Ellis believes that when it comes to community engagement with the renewable energy infrastructure, there is a tendency to focus almost entirely on the process of securing planning consent and side-lining opposition at this point, rather than understanding this as a much broader and long term issue. This could give raise to a very different perspective on the nature of community engagement and the ways we do this.
It is useful to take a step back and think of all the different reasons why we think it is a good idea to engage communities in renewable energy developments. These include:
The latter two, social acceptance and energy citizenship demand a longer-term perspective on how to engage with host communities, while being perhaps the most important for securing a low carbon transition in Ireland. Indeed, the Energy White paper produced by the Department of Communications, Climate Action and Environment in December 2015 promotes this idea of energy citizenship with ambitions to transform the passive consumer to an active citizen.
It notes that: “The transition will see the energy system change from one that is almost exclusively government and utility led, to one where citizens and communities will increasingly be participants in renewable energy generation, distribution and energy efficiency. Improved community engagement will be essential to renewable energy policy making and implementation. “This is a fantastic vision of a shared energy future for Ireland, and should force us to think far more seriously about community engagement and social support, particularly abandoning the obsession of focussing all participation at the point of planning permission,” says Ellis.
This Government vision makes real sense when one considers that community opposition to wind energy projects have become one of the key limiting factors in the growth of renewables. This also needs to be considered in a broader perspective – particularly if one considers that a full understanding of social acceptance includes factors related to market acceptance and socio-political acceptance, as well as that related directly to the host community. This produces a triangle of factors in which he explains ‘All three points are interlinked. Currently much of the focus is on community acceptance but good engagement has a role to play in all three. One example is that increasing levels of objection to planning from a community level is likely to impact on government policy around that form of energy – such as we have seen around recent planning guidelines for wind energy. If the opposition is severe then there is also likely to be a knock-on effect for market acceptance, where investors may be hesitant to support a project, or government withdraws other forms of financial support.”
Even if we take the more narrow concept of ‘community acceptance’, we see that it tends to be a far more complicated picture, with a web of contributing factors ranging from health and environmental impacts, through to fairness of the consenting process and, the perceived distribution of costs and benefits.
Ellis says: “We mostly identify community acceptance as the fairness of consenting process – where communities achieve procedural justice. However, other factors play a part here. If a project is poorly designed in terms of impacting on health or having a negative environmental impact it will only further drive unacceptance. In the same way, if distributive justice is done well then it can help create local multipliers and create interest for inclusivity. Indeed, bad projects can really attract high levels of opposition.”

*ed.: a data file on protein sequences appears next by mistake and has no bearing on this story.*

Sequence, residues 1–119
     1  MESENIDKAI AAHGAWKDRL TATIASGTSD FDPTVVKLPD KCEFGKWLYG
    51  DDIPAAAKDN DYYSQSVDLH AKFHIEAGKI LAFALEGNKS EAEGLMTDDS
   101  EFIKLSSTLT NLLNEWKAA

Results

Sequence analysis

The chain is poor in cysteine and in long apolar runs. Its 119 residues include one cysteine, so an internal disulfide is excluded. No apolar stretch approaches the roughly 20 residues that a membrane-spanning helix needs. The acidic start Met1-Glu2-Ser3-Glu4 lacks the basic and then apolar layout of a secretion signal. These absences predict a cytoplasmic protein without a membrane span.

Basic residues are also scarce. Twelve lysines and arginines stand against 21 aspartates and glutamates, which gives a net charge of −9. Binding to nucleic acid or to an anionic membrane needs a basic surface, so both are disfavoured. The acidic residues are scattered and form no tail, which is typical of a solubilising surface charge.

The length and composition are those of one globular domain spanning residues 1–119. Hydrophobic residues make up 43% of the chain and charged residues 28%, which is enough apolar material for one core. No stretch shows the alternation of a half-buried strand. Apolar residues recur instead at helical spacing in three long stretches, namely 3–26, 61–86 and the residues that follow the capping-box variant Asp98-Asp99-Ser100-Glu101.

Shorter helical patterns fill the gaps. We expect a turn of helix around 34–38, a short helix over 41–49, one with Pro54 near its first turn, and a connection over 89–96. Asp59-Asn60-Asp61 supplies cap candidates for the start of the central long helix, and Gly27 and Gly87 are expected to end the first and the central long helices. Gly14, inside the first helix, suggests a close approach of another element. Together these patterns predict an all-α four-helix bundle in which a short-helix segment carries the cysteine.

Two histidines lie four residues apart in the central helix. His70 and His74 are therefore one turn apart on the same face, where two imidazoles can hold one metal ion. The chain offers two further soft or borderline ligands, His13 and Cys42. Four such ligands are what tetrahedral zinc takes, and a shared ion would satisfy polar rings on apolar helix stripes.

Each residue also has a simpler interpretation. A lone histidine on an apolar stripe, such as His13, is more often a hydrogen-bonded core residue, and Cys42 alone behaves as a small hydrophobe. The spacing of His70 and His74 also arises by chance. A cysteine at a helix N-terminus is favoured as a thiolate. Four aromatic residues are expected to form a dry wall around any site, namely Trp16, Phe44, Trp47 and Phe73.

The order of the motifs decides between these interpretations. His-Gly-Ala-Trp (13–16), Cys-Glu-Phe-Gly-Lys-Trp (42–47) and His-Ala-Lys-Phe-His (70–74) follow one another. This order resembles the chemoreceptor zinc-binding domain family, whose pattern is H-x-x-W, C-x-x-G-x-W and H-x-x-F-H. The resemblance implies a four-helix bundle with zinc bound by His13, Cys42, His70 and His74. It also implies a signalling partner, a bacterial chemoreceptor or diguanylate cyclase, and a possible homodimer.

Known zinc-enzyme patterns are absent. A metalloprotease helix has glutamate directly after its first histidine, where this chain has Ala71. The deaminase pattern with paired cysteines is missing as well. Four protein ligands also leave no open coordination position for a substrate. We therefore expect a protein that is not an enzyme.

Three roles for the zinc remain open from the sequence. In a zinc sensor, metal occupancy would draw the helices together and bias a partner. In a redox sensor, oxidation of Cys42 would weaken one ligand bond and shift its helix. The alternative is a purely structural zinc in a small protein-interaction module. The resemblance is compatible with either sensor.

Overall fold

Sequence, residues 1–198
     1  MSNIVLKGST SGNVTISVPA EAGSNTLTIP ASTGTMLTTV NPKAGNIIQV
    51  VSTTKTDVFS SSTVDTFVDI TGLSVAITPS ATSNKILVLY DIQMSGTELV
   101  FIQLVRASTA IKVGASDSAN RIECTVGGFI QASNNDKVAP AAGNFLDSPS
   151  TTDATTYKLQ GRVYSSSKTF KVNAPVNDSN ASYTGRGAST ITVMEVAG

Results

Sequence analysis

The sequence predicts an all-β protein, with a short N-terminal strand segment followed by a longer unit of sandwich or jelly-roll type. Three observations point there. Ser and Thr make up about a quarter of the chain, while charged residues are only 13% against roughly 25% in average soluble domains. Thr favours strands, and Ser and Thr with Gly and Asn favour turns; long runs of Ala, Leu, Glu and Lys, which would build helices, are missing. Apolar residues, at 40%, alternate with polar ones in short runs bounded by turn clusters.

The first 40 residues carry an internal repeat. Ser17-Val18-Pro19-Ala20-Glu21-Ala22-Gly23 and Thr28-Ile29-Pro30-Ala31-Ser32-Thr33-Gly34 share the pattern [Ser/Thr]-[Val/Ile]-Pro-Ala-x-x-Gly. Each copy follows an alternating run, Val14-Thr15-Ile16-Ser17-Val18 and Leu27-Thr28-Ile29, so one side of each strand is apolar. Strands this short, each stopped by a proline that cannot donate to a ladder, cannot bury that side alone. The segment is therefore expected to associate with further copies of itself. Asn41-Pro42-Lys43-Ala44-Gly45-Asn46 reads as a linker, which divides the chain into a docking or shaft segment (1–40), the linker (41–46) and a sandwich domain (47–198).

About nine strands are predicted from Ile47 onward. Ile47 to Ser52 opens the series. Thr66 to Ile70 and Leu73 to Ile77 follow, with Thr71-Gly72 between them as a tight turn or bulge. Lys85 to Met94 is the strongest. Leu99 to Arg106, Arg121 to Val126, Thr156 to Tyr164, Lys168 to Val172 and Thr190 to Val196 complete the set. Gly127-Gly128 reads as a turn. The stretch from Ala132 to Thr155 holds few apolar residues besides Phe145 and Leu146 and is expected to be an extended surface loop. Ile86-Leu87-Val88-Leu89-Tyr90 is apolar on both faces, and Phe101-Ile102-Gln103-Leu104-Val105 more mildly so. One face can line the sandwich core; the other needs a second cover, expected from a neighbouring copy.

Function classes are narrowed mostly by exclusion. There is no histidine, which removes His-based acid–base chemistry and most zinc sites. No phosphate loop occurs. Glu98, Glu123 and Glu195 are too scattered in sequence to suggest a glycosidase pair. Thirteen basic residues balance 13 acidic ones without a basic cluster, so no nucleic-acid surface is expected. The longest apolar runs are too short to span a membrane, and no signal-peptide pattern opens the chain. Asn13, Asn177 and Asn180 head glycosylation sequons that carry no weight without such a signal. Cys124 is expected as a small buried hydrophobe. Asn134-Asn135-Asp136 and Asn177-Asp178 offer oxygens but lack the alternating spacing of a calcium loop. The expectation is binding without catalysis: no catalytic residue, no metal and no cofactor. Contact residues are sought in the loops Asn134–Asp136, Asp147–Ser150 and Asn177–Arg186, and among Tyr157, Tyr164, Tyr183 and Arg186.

We must also have a sense of reality about what can be achieved through a good process of community engagement – this is often driven be a naive sense that it can secure some form of consensus amongst the community, or cynically minimise the level of opposition enough to secure planning permission. Ellis suggests that, “Perhaps one of the most realistic way to view the process of engagement is to aim towards simply a settlement of differences, in which both sides respect the other views. A good community engagement process is where communities believe they have been heard, their opinion taken account of and treated with dignity.”
“It’s not just developers but all the various stakeholders who have a role in terms of community acceptance.”
A global push towards decarbonisation has driven an increase in the need for renewable projects. Ellis states that the context and scale of these projects is important. He qualifies this by saying that while community engagement can be easier in local co-operatives, large scale winds farms can be more difficult, yet it is these very projects we need to seriously tackle the challenge of climate change. He suggests that a greater allocation of a project’s funding to community engagement can go some way to ensuring communities see these in positive light. He also reminds us that everyone has a part to play here: “It’s not just developers but all the various stakeholders who have a role in terms of community acceptance.”
Ellis concludes by highlighting eight key principles for effective engagement around the renewable projects:
“Engagement shouldn’t be seen as project-based but must be seen in its wider context. The wider context relates to a transition to low-carbon. The energy system isn’t solely a technical system of wires and power stations, it’s a socio-technical system with very complex inter-plays between society, infrastructure, the economy and the market etcetera. The challenge is not to see the low-carbon transition as about just replacing fuel with another (such as coal with wind) but about adjusting the whole of society around that fuel. This process will not be easy and will have deep social implications,” he adds.
“These social implications will require much greater levels of community engagement if it is to be successful.”